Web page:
The next pillar of financial planning would be Wealth Accumulation. After the first pillar is taken care of, you can move towards this stage. This means making your money work harder for you so that you can reach your financial goals faster - be it owning a property, a car or your ideal retirement age.


Want to retire at 45? How much will you need to have at that point in time? Are you purely saving your money and earning a measly interest rate of 0.05% in the bank or are you investing? How much do you need to invest such that you'll accumulate this amount at this interest rate? There are many instruments out there to do so depending on your risk appetite and preference. If you are an active investor, you might want to dabble in the stock market but if you are more of a passive investor, you can consider instruments like ETFs or Mutual Funds. Many people prefer ETFs due to the low fees, but are they really better than Mutual Funds just because of this factor? If you’re super risk averse and need something capital guaranteed, you may want to look into endowment plans.


One of the things that financial advisors do is to combine a mixture of instruments to help you with different financial goals.


Moving up the pyramid, the next pillar would be Wealth Preservation. After accumulating all that wealth, you wouldn't want it to be eroded by inflation, right? Hence, wealth preservation seeks to put all this money into safe assets such as gold to preserve its value. People tend to confuse wealth preservation with wealth accumulation, but I often use the analogy of 'transferring your money in your bank account to another bank account with a higher interest rate to preserve your value'. Wealth accumulation often involves putting your money into riskier assets as opposed to wealth preservation since one involves growing your wealth, while the other involves 'storing' your wealth. Usually, we advise clients who’re at this stage to store their money into instruments like annuities or low risk dividend funds.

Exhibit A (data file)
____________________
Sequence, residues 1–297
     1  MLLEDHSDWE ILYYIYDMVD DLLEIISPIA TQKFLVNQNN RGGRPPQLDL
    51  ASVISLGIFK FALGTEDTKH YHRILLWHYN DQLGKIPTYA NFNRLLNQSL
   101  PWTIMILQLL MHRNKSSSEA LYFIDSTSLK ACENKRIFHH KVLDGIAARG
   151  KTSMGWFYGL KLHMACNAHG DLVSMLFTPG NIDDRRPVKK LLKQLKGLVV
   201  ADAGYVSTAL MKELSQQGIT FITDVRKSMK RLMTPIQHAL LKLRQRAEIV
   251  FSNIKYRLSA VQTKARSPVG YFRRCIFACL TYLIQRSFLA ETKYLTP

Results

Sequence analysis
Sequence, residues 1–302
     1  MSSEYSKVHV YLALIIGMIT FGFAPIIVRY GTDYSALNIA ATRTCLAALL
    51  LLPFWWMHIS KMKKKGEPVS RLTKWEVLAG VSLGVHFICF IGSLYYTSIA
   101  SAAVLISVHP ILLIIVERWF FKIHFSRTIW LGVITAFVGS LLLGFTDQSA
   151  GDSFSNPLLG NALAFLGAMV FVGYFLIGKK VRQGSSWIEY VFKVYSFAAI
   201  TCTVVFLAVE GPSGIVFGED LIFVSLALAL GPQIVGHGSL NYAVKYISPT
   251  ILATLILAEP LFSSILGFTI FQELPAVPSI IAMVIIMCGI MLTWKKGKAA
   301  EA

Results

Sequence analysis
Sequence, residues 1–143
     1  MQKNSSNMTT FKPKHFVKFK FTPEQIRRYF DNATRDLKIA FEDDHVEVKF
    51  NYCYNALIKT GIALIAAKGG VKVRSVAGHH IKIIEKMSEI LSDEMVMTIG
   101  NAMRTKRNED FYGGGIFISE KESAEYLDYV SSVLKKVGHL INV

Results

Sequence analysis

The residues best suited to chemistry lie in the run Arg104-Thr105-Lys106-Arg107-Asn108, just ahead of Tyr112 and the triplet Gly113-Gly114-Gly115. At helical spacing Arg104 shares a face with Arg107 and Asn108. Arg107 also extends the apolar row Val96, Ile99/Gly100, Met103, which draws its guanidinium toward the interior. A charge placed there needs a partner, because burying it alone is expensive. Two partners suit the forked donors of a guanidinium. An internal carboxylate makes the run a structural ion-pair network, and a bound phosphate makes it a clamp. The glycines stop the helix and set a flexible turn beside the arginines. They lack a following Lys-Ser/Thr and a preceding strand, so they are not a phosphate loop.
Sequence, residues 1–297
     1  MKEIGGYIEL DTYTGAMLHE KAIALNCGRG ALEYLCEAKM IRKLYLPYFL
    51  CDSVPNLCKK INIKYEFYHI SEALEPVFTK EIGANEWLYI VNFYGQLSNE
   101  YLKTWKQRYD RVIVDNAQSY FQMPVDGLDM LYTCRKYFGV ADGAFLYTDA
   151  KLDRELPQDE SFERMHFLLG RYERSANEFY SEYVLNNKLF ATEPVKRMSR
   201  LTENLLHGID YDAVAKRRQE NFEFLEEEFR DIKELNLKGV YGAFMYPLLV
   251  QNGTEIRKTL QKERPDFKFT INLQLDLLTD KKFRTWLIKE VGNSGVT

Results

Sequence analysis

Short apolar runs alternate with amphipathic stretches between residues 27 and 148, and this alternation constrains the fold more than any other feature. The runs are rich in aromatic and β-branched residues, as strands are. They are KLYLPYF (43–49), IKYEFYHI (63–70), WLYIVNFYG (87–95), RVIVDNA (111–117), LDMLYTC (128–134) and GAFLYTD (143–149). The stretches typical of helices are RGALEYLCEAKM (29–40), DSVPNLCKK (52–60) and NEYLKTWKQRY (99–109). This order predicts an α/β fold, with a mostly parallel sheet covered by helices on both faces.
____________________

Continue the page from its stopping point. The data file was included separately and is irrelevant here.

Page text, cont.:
Last but not least is Wealth Distribution. This pillar seeks to ensure that there will be no chaos over the inheritance or assets when one departs from this world. We have all read the news and watched so many TV series where the entire family falls apart because of inheritance. By doing a will or nomination before one departs, it can prevent all these from happening, as it will be written in black and white the percentage and the assets that will be given to selected parties, instead of following the intestate law. Contrary to what most people think, you do not need to have a lawyer to do up a will. If you have any policies with a death benefit component, you can seek your advisor to do a nomination for you.


Fun fact: did you know that term plan is a popular instrument for parents or for older folks to leave behind a sum of money for their future generation?


Each of these pillars are important at different stages of our life. If you are a young working adult, wealth accumulation may be your focus as compound interest works best with a long time period. If you are a retiree or a pensioner, you may want to focus on wealth preservation because of a shorter time horizon.


If you have any questions, feel free to reach out to me on telegram @itsaurelia or join my telegram channel #AdulTINGwithAURELIA, where I share useful insights for Young Adults.


Shu Ting is a FSC with close to 2 years of experience. In her free time, she likes to do canvas painting and make song covers. You can reach her at her Instagram @chroniclesofshuting.